Lively, playful, affectionate and alert. The Japanese Spitz is also nimble and light. What’s more, they are un-demanding and do well in family environments.

They need moderate exercise, around an hour a day to be happy. If you think that the Japanese Spitz is the right dog for you then you can look forward to 12-15 years of quality time.

Japanese SpitzUtility breed
Height at withers30 - 37 cm
Weight5 - 7 kg
TemperamentLively, affectionate, bold
CoatMedium, double coat
Grooming needsModerate
Exercise needsModerate
Health concernsPatellar luxation, Runny eyes, Allergies
Good with children and other petsYes
Behaviour concernsSensitive, excitable, over protective
Life expectancy12 years +

Sealyham Terrier

Small white dog breeds

The Sealyham Terrier is a rare breed with a relatively short history. Captain John Edwards began to develop the breed in 1850 on the Sealyham Estate in Wales.

Wanting to create the ultimate terrier to hunt badger, fox and otter, Edwards cultivated the Sealyham Terrier although the originating breeds are unknown.

Although not quite as feisty as some other terriers, they do need a minimum of an hour’s exercise a day to keep them happy. A secure, fenced area is recommended due to their high prey drive.

The Sealy, as it is also known, has a wiry, long double coat that will need daily grooming. As they don’t shed much it is essential that the coat is kept well brushed to avoid matting.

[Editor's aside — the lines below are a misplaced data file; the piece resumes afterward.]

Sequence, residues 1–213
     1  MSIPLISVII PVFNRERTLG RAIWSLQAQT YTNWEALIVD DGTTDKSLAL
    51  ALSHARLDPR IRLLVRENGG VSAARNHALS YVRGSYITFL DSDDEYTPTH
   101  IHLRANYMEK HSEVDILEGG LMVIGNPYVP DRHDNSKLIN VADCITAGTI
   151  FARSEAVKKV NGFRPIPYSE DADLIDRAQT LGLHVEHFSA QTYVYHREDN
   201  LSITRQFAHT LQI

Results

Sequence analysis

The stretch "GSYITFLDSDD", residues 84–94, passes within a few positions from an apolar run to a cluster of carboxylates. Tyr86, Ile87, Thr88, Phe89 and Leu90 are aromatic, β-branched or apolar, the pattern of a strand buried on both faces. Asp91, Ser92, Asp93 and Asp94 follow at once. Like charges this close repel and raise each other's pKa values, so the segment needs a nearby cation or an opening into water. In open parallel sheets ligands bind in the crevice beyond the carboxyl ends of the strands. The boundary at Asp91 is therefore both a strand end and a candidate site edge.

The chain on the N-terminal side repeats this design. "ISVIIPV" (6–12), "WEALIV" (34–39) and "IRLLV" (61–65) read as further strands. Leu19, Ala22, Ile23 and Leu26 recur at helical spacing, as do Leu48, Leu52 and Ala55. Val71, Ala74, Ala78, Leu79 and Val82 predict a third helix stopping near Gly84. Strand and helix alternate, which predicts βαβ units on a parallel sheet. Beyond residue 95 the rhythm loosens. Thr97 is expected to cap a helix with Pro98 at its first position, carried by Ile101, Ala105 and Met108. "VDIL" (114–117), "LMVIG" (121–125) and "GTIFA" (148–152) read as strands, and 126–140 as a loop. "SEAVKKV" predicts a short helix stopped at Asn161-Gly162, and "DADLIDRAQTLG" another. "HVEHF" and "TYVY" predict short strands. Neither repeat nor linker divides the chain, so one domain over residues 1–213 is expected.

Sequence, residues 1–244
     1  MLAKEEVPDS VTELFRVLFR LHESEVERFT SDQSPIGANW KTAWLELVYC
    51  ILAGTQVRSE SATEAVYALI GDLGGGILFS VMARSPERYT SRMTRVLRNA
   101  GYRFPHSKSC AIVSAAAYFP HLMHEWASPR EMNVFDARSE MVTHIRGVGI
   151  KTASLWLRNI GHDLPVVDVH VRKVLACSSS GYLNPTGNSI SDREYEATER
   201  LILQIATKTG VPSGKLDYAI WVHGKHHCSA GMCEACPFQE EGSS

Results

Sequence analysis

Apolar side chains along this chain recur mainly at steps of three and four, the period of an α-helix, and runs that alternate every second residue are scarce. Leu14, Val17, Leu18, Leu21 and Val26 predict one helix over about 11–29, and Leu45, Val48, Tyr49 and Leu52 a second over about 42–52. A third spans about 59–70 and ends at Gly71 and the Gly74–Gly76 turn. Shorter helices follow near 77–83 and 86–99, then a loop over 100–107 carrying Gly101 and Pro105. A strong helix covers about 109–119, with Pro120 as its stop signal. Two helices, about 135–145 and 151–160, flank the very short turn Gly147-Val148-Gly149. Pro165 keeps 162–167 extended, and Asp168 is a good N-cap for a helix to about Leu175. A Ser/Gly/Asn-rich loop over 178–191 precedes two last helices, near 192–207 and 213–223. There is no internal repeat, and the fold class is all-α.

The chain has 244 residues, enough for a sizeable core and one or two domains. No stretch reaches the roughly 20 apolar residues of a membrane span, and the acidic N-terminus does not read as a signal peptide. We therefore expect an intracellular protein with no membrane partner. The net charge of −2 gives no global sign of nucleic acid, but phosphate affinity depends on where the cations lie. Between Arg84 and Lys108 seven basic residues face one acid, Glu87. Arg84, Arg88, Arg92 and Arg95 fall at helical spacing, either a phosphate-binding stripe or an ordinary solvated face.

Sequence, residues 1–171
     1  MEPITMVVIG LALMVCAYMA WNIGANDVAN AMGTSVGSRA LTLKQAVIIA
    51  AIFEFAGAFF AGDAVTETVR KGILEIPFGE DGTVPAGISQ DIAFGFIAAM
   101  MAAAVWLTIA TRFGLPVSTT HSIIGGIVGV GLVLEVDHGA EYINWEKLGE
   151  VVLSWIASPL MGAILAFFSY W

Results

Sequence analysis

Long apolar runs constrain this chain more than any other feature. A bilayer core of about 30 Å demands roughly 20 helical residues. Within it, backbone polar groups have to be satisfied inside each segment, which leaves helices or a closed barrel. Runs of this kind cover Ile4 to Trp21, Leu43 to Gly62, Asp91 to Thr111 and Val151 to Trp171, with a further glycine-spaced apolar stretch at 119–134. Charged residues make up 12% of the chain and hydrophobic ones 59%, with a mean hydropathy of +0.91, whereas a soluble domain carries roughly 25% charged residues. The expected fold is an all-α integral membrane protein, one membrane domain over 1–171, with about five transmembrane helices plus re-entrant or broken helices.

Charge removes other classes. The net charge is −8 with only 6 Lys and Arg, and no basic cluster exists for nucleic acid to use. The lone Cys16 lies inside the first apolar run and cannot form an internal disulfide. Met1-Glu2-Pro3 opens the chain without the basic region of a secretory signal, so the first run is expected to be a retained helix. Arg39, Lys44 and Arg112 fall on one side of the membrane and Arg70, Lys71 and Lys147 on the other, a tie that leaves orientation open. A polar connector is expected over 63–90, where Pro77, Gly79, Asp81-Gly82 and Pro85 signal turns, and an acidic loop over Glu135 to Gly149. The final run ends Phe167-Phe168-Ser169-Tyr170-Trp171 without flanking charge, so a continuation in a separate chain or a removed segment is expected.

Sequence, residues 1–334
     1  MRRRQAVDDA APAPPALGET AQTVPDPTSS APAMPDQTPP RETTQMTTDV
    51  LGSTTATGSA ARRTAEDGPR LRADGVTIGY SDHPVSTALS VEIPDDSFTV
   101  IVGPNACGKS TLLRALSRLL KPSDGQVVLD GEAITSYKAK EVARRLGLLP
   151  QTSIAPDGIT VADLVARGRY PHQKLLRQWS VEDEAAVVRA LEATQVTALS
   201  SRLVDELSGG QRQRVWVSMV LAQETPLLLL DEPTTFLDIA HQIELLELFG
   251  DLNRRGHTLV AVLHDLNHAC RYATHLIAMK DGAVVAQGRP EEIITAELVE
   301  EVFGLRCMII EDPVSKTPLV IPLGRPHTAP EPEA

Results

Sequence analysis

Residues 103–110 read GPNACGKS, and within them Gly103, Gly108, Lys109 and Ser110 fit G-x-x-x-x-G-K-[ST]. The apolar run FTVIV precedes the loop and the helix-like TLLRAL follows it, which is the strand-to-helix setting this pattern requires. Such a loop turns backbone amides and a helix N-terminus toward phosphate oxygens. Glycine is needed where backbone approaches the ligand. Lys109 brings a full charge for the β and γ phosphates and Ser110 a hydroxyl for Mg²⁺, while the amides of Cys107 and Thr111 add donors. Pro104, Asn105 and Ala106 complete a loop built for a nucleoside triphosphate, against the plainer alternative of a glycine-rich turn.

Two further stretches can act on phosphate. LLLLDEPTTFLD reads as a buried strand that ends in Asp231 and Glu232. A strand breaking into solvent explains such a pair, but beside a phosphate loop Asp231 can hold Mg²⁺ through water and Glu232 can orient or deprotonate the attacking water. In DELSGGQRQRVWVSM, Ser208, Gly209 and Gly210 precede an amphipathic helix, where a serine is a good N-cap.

Additionally, their beards need special attention in order to keep them free of food debris and dirt. Their coat will also need to be stripped or clipped several times a year.

Sealyham TerrierTerrier
Height at withers25-30 cm
Weight8-9 kg
TemperamentLively, affectionate, independent
CoatMedium, Double coated with a thick undercoat and hard, wiry outer coat
Grooming needsModerate
Exercise needsModerate
Health concernsLens Luxation
Good with children and other petsYes
Behaviour concernsHigh prey drive, independent
Life expectancy10 years +

The Sealyham Terrier is fearless, calm and cheerful. If you feel that she is the dog for you then you can expect to have an adaptable, independent and lively dog for 10 years plus.

Small white dog breeds, what’s the best choice for you?

If you have set your heart on a white dog, then do make sure you research the breed thoroughly. Despite looking like innocent puffs of fluff, some of these dogs were bred to do some pretty tough jobs.

If you want a lapdog then choose wisely, a terrier might not be the way to go. If you aren’t keen on spending a lot of time grooming your dog then step away from white fur.

I may have mentioned it before but it’s worth saying again: you may find yourself spending a lot of time washing your small white dog in the bath!

There are lots of breeds that come in a variety of colours, including white. We have only given you a selection of those small white dog breeds that are well known for being white.

But if you can’t find what you are looking for here then widen your search and you will find plenty more options.